Protein and amino acid suPPlementation
For example, each of the following selections provides 20-30gof high quality protein without the need for special dietarysupplements:
• 3 egg omelette• Bowl of cereal with 250 ml of milk plus a tub of yoghurt• Fruit smoothie with 250 ml low fat milk, fruit, honey & 30g skimmilk powder
• 60 g ham with 2 slices of cheese on sandwiches with salad
• 120 g piece (raw) of fat trimmed beef, skinless chicken orseafood
• Small tin of tuna on crackers with 1-2 slices cheese• 600 ml avoured milk• 2 tubs of avoured yoghurtRecent research suggests there may be advantages to theinclusion of these HBV proteins in the acute post-exercise periodwhen the body has a heightened sensitivity to dietary protein.While less is known about optimisation of protein intake outsideof the immediate post-exercise period (upwards of 3 hoursafter exercise), it makes good sense to include a small serve ofprotein rich food at all meals and snacks throughout the day, asdescribed in the examples above.Given that appetite can be suppressed acutely post exercise,the use of a rapidly digested whey-derived protein supplementmay be advocated post-exercise, especially among thoseathletes where a pleasant tasting, easily prepared shake at thetraining venue is more convenient. The decision to use a proteinsupplement during this time should be based on several issuesrelevant to the individual athlete, including their training loadand goals, daily energy requirements, typical diet, appetite post-exercise, budget available and general dietary intake. Outside ofthis period, athletes may be best advised to select small servesof high quality protein rich foods that will contribute to not onlyprotein but also other nutrient goals.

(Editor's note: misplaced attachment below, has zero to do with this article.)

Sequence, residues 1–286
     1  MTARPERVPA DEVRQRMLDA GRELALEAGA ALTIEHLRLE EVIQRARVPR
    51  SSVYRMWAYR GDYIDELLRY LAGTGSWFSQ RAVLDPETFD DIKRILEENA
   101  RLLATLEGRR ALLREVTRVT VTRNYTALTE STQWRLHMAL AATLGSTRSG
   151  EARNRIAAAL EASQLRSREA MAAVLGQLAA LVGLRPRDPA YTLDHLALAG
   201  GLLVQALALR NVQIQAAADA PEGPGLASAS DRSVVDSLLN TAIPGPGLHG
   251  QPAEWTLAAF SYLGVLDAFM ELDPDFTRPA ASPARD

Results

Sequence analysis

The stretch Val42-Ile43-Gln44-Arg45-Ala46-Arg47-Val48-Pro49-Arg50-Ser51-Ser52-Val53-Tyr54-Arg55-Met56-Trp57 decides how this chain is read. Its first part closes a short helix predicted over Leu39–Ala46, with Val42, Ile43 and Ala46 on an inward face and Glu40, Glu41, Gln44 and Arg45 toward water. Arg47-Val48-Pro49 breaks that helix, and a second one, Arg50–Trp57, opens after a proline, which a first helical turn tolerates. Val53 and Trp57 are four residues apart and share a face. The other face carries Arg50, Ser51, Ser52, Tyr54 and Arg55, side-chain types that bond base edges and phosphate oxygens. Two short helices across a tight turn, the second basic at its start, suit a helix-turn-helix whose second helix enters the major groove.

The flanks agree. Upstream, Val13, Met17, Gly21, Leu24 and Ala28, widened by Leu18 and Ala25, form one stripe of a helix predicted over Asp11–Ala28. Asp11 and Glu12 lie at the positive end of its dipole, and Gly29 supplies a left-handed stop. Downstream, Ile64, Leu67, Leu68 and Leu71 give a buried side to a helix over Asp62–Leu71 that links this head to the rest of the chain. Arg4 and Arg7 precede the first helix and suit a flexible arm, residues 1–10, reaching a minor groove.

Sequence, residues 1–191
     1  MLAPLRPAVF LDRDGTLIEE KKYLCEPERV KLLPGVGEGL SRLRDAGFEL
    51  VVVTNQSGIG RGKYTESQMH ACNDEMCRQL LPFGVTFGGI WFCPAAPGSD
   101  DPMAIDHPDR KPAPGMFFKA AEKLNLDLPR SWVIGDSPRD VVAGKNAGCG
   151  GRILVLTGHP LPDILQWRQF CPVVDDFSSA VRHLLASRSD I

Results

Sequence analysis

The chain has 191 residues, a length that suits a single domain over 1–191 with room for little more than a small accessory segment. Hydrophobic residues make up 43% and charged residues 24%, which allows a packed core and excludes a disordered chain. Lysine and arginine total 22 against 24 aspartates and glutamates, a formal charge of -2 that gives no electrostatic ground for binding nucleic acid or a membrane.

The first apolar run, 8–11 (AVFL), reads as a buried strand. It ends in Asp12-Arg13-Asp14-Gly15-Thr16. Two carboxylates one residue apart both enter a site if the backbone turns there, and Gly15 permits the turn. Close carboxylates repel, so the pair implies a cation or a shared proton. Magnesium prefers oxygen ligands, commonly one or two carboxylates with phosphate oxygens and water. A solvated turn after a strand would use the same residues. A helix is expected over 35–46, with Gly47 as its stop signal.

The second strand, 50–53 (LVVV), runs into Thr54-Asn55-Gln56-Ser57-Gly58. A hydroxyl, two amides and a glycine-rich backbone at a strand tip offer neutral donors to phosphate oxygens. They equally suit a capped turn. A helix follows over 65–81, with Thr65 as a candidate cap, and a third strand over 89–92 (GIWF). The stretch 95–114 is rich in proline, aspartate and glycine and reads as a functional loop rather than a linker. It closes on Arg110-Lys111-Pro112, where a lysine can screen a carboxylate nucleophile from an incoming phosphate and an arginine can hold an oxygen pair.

Protein suPPlements….. hyPe or hot
The range of protein and amino acid supplements availablecan be quite confronting… caseinate, whey protein concentrate,whey protein isolate, egg albumin and more recently hydrolysedproteins as well as a wide range of individual and combinationamino acid supplements. Protein supplements can be broadlyclassied according to their nutrient prole as either providingprotein only (as a single protein source or a protein blend i.e.combination of several proteins) or a combination of proteinand carbs with or without a range of proposed ergogenicingredients such as creatine, specic amino acids and proposedfat metabolisers, plus vitamins and minerals. Protein-onlysupplements are typically 90% protein by weight, while those withadded carbs can vary markedly with protein varying from as littleat 10-15 g per 100g powder, to 50 or more grams. Use the guidebelow to better interpret the list of ingredients of commerciallyavailable protein powders:• Whey Protein – HBV protein that is rapidly digested, comprising~20% of dairy protein. Whey is rich in branched chain aminoacids, especially leucine, the amino acid primarily responsiblefor stimulating protein synthesis. Recent evidence suggeststhat whey protein may offer greater satiety than other wholeproteins, alluding to a potential role in weight loss as well asweight gain.There are 3 main forms of whey protein:o Whey Protein Concentrate (WPC) – Derived from the rstltering step in the production of whey protein isolate.Typically 70-80% protein by weight with small amounts oflactose (milk sugar) and fat. Cheaper than whey proteinisolateo Whey Protein Isolate (WPI) – Produced by further ltration ofWPC, creating a powder that is ~90% protein by weight, withnegligible amounts of carbs (lactose) and fato Whey Protein Hydrolysate (WPH) – Derived from WPC orWPI and characterised by shorter peptides or amino acidchains, supposedly resulting in even more rapid digestionand absorption, with an associated greater insulin response.Evidence to date is preliminary and conicting. The processof hydrolysis ensures the powder is more expensive andbitter tasting.• Casein or Calcium Caseinate – HBV protein that makes up ~80%of the protein in milk. Casein clots in the acidic environment ofthe stomach, slowing digestion and delivery of amino acids tothe body. Casein hydrolysates are also available, resulting in amore rapidly digested and absorbed protein.• Soy Protein – HBV, rapidly digested protein. Some researchsuggests it may be preferentially utilised by the splanchnicsystem. As with whey, available as both a soy concentrate andsoy isolate. Often used in mixed protein supplements, as wellas protein bars as it is cheaper than whey. There is evidenceto suggest that women with existing or previous breast cancershould be cautious in consuming large quantities of soy foods.The Cancer Council does not recommend or support the use ofsupplements such as soy protein.